“The world will never realise its goals if 50% of the population cannot realise their potential”
Every single day, women around the world attend to their families, their farms and their businesses with grit and tenacity. Their work, which has traditionally been under-appreciated, is now increasingly being acknowledged by global researchers. For example, women invest more in their families than men, in areas ranging from education to health and nutrition, thus creating a secure foundation for the future of their families and communities. The number of businesses owned by women in the world amounts to nearly a third of all enterprises, and according to the International Trade Centre (ITC), “advancing women’s equality can add US$12 trillion to global growth by 2051, and enable economies to unlock their full potential.”
However, women face an array of issues that stifle their ability to succeed in the world today. Gender discrimination and economic disempowerment has made for an unequal playing field. Only 1 in 5 businesses that export are owned by women and in Africa, women earn approximately 30% less than their male counterparts.
With this background, it was particularly fitting for Nairobi to host the first International Women in Business Forum at Laico Regency Hotel on the eve of the 10th Ministerial Conference. The forum was an initiative created by the International Trade Centre. At the opening of the forum a rapt audience listened to remarks from Her Excellency Ms. Ellen Johnson Sirleaf, the President of Liberia, and the Deputy President of Kenya, Mr. William Ruto among others.
Despite a number of challenges, 2015 has been a pivotal year for gender equality, as Ms. Sahle-Work Zewde, Director General, United Nations Office at Nairobi highlighted at the forum. The creation of the 2030 Sustainable Development Goals, which includes goal number 5: “achieve gender equality and empower all girls and women,” has a set a definitive tone for the fight for equal rights. Goal number 5 was referenced by Dr. Mukhisa Kituyi, Secretary-General of United Nations Conference on Trade and Development, who also called on African governments to embrace progressive legislation in order to deliver tangible gains.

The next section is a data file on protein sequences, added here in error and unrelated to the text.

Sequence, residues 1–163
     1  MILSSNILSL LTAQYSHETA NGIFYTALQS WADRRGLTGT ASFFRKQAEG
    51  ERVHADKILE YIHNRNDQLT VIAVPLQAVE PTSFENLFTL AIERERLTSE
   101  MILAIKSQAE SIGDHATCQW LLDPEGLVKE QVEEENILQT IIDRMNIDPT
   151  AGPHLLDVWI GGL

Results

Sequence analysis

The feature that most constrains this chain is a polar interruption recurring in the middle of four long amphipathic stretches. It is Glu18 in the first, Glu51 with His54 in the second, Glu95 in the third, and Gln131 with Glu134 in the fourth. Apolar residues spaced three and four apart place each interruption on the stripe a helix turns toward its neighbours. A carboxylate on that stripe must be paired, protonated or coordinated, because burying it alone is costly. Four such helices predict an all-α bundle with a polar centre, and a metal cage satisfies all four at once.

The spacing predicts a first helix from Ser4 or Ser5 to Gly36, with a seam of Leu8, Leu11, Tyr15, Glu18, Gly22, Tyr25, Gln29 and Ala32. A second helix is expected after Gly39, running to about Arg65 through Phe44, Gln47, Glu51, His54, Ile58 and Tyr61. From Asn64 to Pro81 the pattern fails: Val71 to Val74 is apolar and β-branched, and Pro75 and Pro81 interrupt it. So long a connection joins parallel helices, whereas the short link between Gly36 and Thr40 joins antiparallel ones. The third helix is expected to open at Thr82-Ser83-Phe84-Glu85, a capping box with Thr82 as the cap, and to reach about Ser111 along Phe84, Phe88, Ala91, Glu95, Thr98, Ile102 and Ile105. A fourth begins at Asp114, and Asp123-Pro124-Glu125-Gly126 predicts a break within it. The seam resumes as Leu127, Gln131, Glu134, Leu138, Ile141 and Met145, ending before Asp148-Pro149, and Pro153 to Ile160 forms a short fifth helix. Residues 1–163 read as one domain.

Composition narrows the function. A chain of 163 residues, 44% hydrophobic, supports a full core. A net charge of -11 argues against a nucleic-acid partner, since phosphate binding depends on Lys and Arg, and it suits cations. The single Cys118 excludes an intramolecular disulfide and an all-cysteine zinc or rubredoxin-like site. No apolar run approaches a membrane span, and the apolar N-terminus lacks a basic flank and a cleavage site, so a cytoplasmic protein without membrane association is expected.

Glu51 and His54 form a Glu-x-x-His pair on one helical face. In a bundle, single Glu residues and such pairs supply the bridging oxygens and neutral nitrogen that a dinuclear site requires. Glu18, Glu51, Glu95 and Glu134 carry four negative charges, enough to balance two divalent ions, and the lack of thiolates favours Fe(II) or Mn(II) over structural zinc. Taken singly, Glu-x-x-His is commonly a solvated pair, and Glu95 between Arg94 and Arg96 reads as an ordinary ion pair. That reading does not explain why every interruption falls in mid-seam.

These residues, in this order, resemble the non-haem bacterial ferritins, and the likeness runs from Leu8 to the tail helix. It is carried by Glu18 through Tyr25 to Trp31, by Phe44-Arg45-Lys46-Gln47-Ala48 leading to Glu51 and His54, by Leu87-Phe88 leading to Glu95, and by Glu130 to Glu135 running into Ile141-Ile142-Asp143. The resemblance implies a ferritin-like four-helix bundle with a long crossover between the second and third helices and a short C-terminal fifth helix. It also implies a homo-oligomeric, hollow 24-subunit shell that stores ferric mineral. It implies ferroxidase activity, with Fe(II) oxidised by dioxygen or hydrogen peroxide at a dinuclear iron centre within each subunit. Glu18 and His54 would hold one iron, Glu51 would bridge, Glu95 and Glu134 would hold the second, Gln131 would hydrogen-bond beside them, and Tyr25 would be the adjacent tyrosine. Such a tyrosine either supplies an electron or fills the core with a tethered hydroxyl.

In addition to the SDGs, a Call to Action was announced by the International Trade Centre (ITC) in September to increase the number of women entrepreneurs to one million by 2020. Calling on governments, policy makers, corporations and financial institutions, the Call to Action is harnessing trade to unlock the potential of women in business. One part of this initiative is the SheTrades app, which was unveiled at the forum. The app, created by a young company driven by a group of Kenyan women, is a platform to connect women in business and help them partner with each other, shedding light on the importance of technology in fighting gender inequality, and further reiterating Mr. Ruto’s statement that “technology is not gender biased.”
In her speech, President Sirleaf called on all delegates to support women when making decisions at the ministerial conference. It’s oft been quoted that if 50% of the team isn’t playing how can you expect to win the game. MC10 will be another opportunity for high level stakeholders to address the rights of women and ensure that 100% of the team is able to partake in business and commerce as equal participants.